Mixed pathologies and neural reserve: Implications of complexity for Alzheimer disease drug discovery
In a Perspective, David Bennett makes a case for neural reserve to be considered as a therapeutic endpoint in clinical trials for dementia.
Published in the journal:
. PLoS Med 14(3): e32767. doi:10.1371/journal.pmed.1002256
In a Perspective, David Bennett makes a case for neural reserve to be considered as a therapeutic endpoint in clinical trials for dementia.
Alzheimer disease (AD) is among the most common causes of dementia worldwide. Approved medications for the symptoms of AD dementia have marginal benefit, and no new therapies have been approved in more than a dozen years. There are no approved treatments for the prevention of AD dementia. The lack of robust therapeutics comes despite intense efforts by the public and private research community to discover them. There have been about 450 failed clinical trials on www.clinicaltrials.gov since the last drug approval by the Food and Drug Administration . With changing demographics forecasting a marked increase in the number of persons with AD and other dementias worldwide, and with extraordinary attendant costs of care and toll on individuals and families, countries around the globe are investing substantial capital to stimulate basic and translational research in the hopes of developing new therapeutics for the treatment and prevention of AD and other dementia.
Clinical-pathologic findings, many from community-based studies that incorporate brain autopsy, are shedding light on the complexity of the AD dementia phenotype. This complexity, largely the result of mixed dementia and neural reserve, has important implications for clinical trial design and drug discovery.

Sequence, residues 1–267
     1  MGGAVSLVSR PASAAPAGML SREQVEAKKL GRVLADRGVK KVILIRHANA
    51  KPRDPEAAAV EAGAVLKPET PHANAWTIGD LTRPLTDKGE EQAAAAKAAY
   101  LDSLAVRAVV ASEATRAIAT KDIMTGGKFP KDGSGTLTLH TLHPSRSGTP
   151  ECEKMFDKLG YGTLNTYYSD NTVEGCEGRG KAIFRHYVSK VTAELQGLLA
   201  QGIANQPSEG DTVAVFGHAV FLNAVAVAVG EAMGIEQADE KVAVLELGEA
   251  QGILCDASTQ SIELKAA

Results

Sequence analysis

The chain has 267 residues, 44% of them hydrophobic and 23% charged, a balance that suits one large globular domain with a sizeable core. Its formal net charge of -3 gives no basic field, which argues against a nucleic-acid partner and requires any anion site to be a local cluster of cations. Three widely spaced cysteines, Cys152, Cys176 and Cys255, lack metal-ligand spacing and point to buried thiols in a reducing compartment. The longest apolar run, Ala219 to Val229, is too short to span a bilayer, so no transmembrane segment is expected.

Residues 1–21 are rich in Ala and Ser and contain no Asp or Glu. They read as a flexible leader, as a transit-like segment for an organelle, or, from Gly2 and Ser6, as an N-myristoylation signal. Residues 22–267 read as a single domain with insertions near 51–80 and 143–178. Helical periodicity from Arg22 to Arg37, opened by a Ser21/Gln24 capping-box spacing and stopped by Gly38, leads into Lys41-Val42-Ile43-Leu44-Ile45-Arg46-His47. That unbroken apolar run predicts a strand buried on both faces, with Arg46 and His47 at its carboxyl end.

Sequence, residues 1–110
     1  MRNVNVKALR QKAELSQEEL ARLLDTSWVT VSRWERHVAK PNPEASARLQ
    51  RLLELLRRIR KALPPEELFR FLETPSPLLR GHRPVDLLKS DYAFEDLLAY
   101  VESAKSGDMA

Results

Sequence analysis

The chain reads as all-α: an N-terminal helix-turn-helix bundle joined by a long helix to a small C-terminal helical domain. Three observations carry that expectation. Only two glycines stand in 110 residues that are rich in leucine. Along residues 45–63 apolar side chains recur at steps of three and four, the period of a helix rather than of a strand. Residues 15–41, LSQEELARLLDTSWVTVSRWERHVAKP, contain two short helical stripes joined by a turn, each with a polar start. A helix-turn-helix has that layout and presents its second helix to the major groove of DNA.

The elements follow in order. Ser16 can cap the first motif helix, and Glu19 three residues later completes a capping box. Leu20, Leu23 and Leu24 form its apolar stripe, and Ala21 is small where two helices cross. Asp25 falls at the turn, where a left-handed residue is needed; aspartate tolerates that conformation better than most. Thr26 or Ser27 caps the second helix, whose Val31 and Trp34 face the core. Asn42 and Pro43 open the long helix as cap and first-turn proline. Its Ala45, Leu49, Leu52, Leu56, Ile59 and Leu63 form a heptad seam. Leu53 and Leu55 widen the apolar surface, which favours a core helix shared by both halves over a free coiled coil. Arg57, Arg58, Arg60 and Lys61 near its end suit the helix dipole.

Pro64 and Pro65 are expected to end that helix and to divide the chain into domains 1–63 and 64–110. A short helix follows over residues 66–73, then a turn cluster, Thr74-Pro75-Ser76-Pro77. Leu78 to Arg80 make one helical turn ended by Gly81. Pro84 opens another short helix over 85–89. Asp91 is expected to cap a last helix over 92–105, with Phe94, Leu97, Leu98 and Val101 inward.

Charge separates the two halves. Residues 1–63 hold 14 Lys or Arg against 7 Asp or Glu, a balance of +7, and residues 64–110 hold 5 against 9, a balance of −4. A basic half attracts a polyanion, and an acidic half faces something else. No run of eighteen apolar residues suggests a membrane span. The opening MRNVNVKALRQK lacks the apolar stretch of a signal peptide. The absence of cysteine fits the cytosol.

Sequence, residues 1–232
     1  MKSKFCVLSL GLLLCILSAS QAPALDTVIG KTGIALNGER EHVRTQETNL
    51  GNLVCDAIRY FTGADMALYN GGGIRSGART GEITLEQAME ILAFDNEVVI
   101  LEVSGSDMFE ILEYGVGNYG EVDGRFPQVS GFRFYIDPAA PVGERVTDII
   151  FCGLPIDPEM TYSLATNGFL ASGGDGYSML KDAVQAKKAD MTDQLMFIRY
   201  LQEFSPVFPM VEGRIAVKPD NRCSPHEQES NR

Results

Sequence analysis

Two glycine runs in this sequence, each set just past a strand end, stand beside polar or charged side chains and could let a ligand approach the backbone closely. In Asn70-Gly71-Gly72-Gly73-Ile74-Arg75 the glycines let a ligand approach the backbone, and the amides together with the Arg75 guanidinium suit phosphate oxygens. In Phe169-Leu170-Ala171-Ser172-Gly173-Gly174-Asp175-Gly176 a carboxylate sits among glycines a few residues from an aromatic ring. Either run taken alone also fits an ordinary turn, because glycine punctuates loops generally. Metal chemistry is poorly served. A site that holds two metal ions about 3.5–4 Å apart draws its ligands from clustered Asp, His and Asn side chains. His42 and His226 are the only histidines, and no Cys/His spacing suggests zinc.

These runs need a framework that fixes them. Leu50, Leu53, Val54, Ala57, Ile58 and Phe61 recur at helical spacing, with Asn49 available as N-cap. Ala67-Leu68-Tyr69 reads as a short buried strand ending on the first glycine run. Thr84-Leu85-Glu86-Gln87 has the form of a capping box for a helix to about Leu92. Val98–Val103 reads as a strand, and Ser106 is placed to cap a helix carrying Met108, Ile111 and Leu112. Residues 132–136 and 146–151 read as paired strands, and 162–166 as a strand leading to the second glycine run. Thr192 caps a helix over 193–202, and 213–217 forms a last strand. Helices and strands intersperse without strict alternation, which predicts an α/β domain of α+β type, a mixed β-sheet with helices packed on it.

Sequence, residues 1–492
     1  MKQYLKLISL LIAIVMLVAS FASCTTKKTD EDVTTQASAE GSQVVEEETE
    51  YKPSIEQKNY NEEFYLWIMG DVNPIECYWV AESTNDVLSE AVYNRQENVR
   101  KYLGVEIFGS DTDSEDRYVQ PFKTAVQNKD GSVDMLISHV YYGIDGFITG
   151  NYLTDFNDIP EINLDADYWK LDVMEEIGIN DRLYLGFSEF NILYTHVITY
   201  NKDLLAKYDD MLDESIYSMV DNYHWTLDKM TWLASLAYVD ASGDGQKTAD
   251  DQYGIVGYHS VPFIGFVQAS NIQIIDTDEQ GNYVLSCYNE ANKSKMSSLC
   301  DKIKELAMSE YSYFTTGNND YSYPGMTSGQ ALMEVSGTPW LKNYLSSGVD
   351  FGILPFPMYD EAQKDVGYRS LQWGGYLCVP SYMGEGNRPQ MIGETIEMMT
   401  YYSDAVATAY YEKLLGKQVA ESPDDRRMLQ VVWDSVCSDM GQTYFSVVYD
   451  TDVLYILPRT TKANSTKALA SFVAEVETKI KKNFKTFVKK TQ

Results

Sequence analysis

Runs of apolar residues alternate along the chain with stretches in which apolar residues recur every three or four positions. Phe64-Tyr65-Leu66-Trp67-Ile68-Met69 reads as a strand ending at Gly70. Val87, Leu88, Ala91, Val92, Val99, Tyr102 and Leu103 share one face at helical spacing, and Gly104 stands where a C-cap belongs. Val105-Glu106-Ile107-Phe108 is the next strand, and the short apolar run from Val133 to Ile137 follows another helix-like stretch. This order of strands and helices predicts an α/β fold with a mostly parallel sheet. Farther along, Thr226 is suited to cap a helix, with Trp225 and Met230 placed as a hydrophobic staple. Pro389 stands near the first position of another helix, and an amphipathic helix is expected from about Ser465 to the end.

The pathologic hallmarks of AD are the extracellular deposits of the amyloid-β peptide and the intracellular accumulation of abnormally phosphorylated tau neurofibrillary tangles (NFT). Much is known about the metabolism of these proteins, and amyloid-β has been and remains the target of many therapeutic trials. The frequency of AD pathology increases markedly with age. Aging, however, is associated with the development of many common chronic diseases, including several brain diseases that affect cognition. Thus, the brains of older persons, many of whom have AD pathology, often exhibit macro- and/or microscopic infarctions, atherosclerosis, arteriolosclerosis, and white matter changes reflecting cerebrovascular disease, as well as tar DNA–binding protein 43 (TDP-43), hippocampal sclerosis, and neocortical Lewy bodies [2–5]. All of these pathologies can contribute to cognitive impairment and the AD dementia phenotype [6–8]. In fact, among older persons, who represent the greatest number of persons with the disease, mixed pathologies are the most common cause of AD dementia. Mixed pathologies are also very common in persons with mild cognitive impairment (MCI), including amnestic MCI, often thought to be relatively specific for MCI due to AD . Some studies suggest that AD pathology accounts for the majority of dementia cases [10,11]. However, other studies suggest that the comorbid pathologies account for an equal amount of dementia and perhaps even more than AD, collectively .
Further, data suggest that the pathologies of these conditions account for less than half of the person-specific variance in change in cognition over multiple years prior to death . It is highly likely that better methods to identify pathologies will be developed in the future—much like the relatively recent introduction of phospho-synuclein for visualizing Lewy bodies—and that new pathologies will be identified in the future, much like the relatively recent discovery of TDP-43. These future developments will reduce the unexplained variance. However, we also know that the brain, like other organs, has person-specific differences in its ability to protect itself from these pathologies—i.e., neural reserve.